INDIANAPOLIS (AP) — Stores across Indiana would face tougher penalties for selling tobacco products to anyone younger than 21 under a bill endorsed Tuesday by the Indiana House.
The additional penalties are part of a bill increasing Indiana’s minimum age for smoking and vaping from 18 to 21 to conform with a new federal law.
The proposal would boost the fine against a retailer for a first violation from a $200 maximum to a minimum of $500. The penalties would increase until a third violation within three years, which would carry a minimum $1,000 fine and a three-year loss of the store’s tobacco sales certificate.
House members voted 84-14 in favor of the bill. The Senate is considering its own bill with different changes to the penalties.
Supporters argue the tougher penalties are needed to crack down on retailers selling to youths when they are most likely to pick up a smoking or vaping habit.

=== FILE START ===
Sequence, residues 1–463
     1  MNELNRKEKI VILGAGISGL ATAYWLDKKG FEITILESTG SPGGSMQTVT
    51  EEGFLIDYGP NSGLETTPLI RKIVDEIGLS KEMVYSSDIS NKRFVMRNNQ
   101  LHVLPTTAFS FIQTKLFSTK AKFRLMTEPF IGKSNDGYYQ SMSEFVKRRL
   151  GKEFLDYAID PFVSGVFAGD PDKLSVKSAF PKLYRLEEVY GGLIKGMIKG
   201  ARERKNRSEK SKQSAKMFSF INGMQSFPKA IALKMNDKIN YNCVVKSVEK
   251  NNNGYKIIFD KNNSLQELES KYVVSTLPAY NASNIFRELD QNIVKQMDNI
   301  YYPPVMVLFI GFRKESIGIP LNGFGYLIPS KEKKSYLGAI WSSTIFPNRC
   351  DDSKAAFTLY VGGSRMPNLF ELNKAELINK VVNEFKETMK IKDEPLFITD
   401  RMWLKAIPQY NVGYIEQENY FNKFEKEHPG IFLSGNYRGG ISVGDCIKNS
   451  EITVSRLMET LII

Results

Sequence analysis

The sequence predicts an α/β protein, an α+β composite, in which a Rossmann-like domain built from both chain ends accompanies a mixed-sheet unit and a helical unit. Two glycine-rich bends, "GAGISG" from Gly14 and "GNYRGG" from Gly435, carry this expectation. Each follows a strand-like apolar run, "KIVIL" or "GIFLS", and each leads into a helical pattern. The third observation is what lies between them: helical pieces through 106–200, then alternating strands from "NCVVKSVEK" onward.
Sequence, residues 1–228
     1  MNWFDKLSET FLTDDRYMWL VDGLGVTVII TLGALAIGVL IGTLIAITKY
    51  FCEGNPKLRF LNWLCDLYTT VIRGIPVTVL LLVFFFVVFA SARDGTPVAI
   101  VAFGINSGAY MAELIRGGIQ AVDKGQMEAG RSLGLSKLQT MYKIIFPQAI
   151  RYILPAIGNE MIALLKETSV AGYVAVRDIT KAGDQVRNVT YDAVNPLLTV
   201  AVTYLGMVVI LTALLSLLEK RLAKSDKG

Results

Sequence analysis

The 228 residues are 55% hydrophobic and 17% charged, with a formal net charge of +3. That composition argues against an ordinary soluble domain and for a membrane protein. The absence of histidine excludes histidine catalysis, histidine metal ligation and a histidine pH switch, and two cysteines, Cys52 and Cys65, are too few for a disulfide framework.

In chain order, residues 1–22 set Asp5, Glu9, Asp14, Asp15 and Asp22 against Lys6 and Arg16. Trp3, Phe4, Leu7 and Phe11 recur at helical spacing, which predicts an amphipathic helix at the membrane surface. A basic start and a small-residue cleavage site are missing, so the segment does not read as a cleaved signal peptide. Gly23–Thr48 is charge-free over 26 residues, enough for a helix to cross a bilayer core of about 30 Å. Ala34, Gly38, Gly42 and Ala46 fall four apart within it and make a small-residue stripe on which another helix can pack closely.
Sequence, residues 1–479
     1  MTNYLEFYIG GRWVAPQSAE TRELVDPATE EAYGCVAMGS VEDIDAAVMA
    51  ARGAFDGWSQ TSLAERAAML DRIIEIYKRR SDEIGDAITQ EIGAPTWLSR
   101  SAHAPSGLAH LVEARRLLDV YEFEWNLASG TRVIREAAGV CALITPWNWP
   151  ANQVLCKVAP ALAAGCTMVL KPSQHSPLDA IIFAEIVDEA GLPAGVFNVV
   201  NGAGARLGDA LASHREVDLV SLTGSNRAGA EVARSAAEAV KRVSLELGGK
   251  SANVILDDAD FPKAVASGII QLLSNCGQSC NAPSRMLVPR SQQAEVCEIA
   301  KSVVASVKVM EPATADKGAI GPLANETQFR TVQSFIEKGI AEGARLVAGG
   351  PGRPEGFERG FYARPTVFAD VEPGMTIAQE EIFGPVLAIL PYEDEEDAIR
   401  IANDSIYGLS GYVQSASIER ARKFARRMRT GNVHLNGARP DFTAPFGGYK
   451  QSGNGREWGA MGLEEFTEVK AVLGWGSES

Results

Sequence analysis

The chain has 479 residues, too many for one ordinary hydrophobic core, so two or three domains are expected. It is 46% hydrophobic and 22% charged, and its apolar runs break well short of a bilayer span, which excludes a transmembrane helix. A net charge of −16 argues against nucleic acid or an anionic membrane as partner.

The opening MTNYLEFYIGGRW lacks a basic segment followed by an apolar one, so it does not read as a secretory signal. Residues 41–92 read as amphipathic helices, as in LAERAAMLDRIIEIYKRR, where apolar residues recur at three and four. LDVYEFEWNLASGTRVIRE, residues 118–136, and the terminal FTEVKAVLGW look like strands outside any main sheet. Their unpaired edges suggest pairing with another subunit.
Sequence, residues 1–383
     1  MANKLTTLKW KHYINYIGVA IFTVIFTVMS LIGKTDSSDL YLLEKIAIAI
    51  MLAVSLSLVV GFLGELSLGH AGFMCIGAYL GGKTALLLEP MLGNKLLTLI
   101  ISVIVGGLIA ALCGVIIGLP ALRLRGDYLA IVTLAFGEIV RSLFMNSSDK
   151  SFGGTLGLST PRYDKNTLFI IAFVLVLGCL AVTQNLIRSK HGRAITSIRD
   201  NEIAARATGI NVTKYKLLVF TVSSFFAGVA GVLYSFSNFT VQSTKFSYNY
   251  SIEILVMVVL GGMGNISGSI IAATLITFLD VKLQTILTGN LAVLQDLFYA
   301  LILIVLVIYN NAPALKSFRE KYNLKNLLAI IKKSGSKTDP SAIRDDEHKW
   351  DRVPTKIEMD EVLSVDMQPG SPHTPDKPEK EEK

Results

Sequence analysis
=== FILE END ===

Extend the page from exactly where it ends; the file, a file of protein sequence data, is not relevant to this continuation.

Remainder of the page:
“I promise you when we stand here in 10 more years our numbers will be down and we will see less lung disease and less lung cancer,” said Republican Rep. Ann Vermilion of Marion, a former hospital administrator.
Anti-smoking advocates had supported a provision in the House bill to eliminate the possible fines against minors caught with tobacco or electronic cigarettes, saying those aren’t fair to youths who may have become addicted. But House members voted last week to keep those possible penalties against minors as part of state law.